DENVER (KDVR) — Colorado Rockies pitcher Daniel Bard was recently placed on the injured list to care for his mental health.
This has sparked a conversation about the mental health of professional athletes and youth athletes as well.
“Athletes are humans that have the same frailties, issues around self-esteem and all the other things, family, all the other things that we have,” Dr. Shawn Worthy said.
Worthy is a clinical psychologist at Metropolitan State University of Denver.
“If everything we did, our boss put on Twitter for the whole world to see and comment on,” Worthy said, “whether it’d be good, bad or indifferent” — that stress is unique to the athlete, be they a major leaguer or involved in youth sports.
Worthy lists the stressors that can affect your young athletes’ feelings and behavior.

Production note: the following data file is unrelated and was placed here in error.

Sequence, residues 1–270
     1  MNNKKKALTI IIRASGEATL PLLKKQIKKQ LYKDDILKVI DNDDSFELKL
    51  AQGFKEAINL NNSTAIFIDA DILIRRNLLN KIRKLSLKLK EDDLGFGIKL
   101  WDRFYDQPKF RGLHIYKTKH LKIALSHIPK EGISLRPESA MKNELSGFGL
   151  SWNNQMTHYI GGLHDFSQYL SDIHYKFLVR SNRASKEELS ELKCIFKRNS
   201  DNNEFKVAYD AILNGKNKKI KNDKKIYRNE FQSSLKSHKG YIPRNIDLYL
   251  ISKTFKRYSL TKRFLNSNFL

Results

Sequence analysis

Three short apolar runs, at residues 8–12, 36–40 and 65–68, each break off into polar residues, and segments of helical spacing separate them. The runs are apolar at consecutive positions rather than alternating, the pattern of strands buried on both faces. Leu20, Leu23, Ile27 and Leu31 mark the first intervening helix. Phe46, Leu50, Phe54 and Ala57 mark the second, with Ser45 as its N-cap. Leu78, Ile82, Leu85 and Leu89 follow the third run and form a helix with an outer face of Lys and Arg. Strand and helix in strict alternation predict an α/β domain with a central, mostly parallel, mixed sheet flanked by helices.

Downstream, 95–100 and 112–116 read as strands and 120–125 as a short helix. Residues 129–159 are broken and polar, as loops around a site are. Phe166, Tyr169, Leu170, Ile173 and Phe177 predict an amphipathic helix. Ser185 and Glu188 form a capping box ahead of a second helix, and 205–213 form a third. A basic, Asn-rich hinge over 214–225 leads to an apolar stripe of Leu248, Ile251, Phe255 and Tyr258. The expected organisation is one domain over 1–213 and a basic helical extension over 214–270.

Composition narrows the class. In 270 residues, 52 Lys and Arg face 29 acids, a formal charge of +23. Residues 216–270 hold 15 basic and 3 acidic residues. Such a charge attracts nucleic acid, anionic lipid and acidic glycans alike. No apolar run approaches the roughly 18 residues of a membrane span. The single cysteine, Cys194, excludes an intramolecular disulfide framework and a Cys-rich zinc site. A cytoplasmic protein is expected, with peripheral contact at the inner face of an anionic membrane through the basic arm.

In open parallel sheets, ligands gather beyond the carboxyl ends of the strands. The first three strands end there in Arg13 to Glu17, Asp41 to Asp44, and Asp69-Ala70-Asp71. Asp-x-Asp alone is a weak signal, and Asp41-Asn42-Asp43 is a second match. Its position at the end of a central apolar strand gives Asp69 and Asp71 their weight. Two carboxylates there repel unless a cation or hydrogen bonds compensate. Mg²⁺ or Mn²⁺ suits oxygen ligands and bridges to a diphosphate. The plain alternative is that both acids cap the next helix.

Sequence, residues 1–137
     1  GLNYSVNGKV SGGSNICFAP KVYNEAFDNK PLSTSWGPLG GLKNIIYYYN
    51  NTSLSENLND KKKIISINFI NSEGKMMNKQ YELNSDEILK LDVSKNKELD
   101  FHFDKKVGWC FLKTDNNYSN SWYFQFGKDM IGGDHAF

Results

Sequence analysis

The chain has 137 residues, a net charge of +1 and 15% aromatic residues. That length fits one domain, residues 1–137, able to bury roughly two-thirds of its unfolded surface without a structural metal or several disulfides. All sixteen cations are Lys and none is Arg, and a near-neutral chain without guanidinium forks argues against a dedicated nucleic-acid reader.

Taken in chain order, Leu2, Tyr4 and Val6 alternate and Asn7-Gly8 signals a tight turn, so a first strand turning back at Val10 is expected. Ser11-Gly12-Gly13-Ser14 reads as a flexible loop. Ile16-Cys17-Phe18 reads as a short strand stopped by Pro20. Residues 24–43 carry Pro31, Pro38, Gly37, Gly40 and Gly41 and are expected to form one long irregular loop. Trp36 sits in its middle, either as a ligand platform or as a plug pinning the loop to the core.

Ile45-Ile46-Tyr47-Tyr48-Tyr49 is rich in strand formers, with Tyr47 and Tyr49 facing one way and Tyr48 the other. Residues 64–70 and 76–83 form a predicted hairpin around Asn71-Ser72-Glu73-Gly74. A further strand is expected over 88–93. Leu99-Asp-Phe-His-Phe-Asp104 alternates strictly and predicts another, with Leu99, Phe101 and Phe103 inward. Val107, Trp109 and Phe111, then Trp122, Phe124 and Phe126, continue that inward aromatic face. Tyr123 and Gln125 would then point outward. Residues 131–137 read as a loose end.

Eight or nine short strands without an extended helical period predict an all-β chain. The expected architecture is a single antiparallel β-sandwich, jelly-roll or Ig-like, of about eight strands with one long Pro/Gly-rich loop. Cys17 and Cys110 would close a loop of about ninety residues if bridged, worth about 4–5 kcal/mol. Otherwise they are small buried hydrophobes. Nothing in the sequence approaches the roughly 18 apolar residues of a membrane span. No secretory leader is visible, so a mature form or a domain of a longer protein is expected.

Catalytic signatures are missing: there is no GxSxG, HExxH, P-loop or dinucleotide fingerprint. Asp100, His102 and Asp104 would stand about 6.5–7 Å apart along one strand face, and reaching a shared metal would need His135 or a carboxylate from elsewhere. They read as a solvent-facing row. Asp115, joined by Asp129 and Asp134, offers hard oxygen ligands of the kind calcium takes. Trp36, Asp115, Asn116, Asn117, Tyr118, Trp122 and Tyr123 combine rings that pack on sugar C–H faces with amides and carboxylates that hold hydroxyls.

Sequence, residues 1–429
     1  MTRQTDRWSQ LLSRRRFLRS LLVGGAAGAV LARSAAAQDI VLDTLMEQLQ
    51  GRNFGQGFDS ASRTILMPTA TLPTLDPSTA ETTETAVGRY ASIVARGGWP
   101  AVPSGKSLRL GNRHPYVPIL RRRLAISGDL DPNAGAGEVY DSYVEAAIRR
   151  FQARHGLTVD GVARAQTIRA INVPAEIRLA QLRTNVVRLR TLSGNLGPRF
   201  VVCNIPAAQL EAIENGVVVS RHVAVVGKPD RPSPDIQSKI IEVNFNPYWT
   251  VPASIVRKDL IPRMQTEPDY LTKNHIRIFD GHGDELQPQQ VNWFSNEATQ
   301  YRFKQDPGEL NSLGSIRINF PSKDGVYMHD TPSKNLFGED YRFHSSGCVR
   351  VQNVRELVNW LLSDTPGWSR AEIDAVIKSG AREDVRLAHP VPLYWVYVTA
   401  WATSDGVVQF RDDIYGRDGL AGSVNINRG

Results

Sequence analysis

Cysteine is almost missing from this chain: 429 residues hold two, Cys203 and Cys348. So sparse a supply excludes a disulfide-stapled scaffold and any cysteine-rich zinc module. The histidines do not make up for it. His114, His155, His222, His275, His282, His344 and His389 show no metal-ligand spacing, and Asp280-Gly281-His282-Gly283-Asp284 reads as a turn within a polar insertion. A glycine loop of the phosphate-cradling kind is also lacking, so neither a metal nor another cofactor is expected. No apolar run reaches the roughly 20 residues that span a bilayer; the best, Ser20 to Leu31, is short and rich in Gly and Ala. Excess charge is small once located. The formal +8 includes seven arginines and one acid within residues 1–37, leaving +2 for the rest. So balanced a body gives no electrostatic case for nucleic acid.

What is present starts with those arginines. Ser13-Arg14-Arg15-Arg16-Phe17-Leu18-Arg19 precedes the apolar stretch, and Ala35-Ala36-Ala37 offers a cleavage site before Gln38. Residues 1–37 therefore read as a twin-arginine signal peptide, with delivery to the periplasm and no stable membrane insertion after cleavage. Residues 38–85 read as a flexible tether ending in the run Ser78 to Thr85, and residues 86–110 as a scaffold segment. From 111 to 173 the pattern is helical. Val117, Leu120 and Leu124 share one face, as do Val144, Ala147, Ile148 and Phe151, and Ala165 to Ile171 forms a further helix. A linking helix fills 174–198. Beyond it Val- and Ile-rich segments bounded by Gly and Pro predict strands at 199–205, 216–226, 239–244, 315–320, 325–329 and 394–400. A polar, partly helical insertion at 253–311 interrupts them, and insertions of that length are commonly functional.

“They are sensitive to their parents’ expectations and hopes for them,” Worth said. “They’re sensitive to their peer group, they’re sensitive to their teachers and the other people in their school.”
Add to that the stress of performing on the field or court.
Parents should ‘check in’ on youth athletes
Worthy said parents, in addition to being fans, need to be their young athlete’s support.
“Parents have to be the adult and make decisions that are going to be in the best interest of their child, whether their child agrees or not at that point in time,” Worthy said.
The “check-in” is very important to keeping track of their mental health.
“The people who care about you, your parents, your family,” Worthy said, “saying, ‘How are you doing?’ Or watching out for changes in mood and changes in behavior.”
In a national study, researchers at California State University, Fullerton, found that participation in youth sports was linked to fewer mental health difficulties.
That doesn’t mean young athletes won’t still experience it, so doctors say it’s important for parents to stay alert.